Widows empowered through chicken rearing
Women’s empowerment is crucial to development in any society. To contribute to this objective, the Rhodelias Foundation and Bemidji State University have partnered with the Foundation’s patron, Elias Muindi, who serves as Programme Officer for Kenya MenEngage Alliance (KEMEA) this year in June to start a project to train and encourage a group of widows in the rural village of Mbuinzau, in Makueni County, to rear chickens.
“Bearing in mind that widows experience many challenges in society, this project is aimed at empowering them economically and socially”, says Muindi.
“When I visit widows and speak with them about their lives, they tell me about the daily struggle to give their children a chance at a better life than they had. And a lot of times, one of the most powerful weapons in that struggle is a small flock of chickens’’, he adds.
The reasons advanced by the widows for keeping chickens are that they are easy and inexpensive to take care of. The partnership between Rhodelias Foundation, Bemidji State University and Muindi capitalised on this already existing effort to start an empowerment initiative in the hope that it will result in the economic empowerment of the women.
“Many breeds can eat whatever they find on the ground and only need simple nest as shelter which can be made with local materials. Chickens are a good investment. Suppose a new farmer starts with five hens and one of her neighbours owns a rooster to fertilise the hens’ eggs. After three months, she can have a flock of 40 chicks. Eventually, with a sale price of $5 per chicken – which is typical in Kenya local markets – she can earn more than $1,000 a year. So, chickens are a good source of income because they are easy to sell on short notice to cover day-to-day expenses.”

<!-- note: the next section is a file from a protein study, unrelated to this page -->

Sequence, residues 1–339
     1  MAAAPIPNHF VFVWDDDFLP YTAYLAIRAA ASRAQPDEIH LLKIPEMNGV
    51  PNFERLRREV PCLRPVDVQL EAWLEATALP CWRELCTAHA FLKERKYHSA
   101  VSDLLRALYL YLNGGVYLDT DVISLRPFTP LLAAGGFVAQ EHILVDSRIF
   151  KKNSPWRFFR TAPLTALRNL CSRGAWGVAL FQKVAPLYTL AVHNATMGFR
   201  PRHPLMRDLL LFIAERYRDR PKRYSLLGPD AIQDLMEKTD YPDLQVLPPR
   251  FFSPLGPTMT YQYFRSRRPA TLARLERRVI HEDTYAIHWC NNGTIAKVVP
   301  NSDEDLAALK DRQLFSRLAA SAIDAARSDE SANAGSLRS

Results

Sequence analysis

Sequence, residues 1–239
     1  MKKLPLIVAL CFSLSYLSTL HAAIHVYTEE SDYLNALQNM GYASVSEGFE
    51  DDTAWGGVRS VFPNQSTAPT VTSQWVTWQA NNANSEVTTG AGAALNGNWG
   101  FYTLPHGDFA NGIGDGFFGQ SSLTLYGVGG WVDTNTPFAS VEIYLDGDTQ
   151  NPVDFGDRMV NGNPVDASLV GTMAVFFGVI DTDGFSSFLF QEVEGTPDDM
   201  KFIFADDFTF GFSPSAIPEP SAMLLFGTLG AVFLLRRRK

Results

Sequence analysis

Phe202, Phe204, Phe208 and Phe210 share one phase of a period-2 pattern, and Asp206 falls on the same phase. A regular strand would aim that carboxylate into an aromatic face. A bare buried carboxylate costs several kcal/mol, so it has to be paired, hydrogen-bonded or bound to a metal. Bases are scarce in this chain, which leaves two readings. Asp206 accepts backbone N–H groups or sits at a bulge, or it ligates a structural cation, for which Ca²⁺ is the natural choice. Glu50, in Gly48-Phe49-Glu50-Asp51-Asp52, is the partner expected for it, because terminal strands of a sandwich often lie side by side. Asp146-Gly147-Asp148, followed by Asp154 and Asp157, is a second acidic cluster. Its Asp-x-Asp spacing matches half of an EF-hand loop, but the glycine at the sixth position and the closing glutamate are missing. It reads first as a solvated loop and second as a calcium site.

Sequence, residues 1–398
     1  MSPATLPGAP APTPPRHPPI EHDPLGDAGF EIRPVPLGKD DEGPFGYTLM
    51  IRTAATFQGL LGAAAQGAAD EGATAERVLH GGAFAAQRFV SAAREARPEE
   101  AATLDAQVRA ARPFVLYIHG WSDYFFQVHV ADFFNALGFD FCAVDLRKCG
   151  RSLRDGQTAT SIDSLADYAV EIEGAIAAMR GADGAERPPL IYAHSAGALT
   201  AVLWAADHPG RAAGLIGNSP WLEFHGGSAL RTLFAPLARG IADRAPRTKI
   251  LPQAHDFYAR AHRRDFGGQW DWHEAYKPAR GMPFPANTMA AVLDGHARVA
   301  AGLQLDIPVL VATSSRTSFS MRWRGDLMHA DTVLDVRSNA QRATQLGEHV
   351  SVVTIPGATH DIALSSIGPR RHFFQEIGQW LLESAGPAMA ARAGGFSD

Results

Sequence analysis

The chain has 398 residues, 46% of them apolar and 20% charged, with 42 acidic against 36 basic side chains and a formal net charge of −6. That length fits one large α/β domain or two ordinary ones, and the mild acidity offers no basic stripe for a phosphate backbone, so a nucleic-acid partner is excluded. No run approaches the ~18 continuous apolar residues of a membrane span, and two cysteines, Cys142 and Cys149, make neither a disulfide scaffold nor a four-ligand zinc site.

The project, “Wumiisyo wa aka ndiwa Mbuinzau’’, which means “The patience of widows of Mbuinzau’’, currently has 50 members. Each woman has contributed two chickens towards kick-starting the initiative and Rhodelias Foundation has given $500 to match the women’s contributions to buy 100 more as well as to secure equipment needed for the project. The goal is to grow from 200 chickens to about 2 000 by the end of 2017.
According to Muindi, the programme has been inspired by several studies that show that empowering women results in noticeable empowerment of families and communities. He quotes Melinda Gates of philanthropy organisation, Bill & Melinda Gates Foundation, to illustrate his point. Evidence shows that when women control money, they are more likely than men to spend it on priorities that help fight poverty, like education, health, and nutrition. According to statistics, when a woman controls the family’s income, her children are 20 percent more likely to live past the age of five.
This initiative has potential on a number of fronts. For instance, keeping chickens can help keep children healthy.
“Although eating more eggs – which are rich in protein and other nutrients – can help fight malnutrition, many farmers with small flocks find that it’s more economical to let the eggs hatch, sell the chicks, and use the money to buy nutritious food. But if a farmer’s flock is big enough to give her extra eggs, or if she ends up with a few broken ones, she may decide to cook them for her family.”
The initiative also helps empower women. “Because chickens are small, not too difficult to manage like larger livestock such as goats or cows, and typically stay close to home, women who sell chickens are likely to reinvest the profits in their families”, Muindi says.